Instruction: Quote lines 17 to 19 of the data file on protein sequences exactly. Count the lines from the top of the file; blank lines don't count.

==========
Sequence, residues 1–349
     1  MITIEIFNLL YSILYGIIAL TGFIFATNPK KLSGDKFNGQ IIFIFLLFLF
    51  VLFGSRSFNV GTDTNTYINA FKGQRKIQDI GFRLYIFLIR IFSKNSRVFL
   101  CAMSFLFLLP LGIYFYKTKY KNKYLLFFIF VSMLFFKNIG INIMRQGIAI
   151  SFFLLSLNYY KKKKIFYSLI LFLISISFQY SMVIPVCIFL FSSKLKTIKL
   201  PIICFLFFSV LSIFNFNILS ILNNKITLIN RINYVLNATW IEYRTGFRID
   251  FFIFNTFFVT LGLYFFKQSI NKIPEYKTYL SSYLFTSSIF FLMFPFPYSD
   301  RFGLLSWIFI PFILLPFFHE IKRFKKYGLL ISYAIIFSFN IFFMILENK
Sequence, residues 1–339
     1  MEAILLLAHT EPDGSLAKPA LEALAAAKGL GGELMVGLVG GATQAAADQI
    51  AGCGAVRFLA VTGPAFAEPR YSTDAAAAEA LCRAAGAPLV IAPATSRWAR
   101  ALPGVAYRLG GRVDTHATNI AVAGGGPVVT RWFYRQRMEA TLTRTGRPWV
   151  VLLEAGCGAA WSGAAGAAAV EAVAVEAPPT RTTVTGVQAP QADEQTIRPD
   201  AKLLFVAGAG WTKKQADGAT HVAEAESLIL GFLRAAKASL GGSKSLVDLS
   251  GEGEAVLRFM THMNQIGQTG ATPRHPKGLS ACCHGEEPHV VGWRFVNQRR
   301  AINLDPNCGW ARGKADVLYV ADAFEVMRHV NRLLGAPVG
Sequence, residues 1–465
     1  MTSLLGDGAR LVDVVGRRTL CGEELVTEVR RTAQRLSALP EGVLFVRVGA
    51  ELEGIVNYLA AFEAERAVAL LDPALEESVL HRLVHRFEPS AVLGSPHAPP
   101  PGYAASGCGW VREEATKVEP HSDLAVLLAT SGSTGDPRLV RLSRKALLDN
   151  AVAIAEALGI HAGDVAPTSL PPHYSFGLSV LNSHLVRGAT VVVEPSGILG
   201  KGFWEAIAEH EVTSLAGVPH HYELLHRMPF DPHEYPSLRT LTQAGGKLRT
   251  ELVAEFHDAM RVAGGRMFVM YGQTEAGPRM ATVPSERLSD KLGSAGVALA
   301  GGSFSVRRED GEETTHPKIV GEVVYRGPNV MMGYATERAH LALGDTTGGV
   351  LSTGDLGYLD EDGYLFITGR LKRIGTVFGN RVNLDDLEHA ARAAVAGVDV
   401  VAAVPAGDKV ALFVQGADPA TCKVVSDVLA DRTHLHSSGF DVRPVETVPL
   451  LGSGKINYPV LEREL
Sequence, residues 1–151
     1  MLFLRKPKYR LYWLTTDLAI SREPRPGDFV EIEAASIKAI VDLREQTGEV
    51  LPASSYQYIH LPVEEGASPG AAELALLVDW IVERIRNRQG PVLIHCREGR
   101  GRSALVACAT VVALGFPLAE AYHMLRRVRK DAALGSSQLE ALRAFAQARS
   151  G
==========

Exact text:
Sequence, residues 1–465
     1  MTSLLGDGAR LVDVVGRRTL CGEELVTEVR RTAQRLSALP EGVLFVRVGA
    51  ELEGIVNYLA AFEAERAVAL LDPALEESVL HRLVHRFEPS AVLGSPHAPP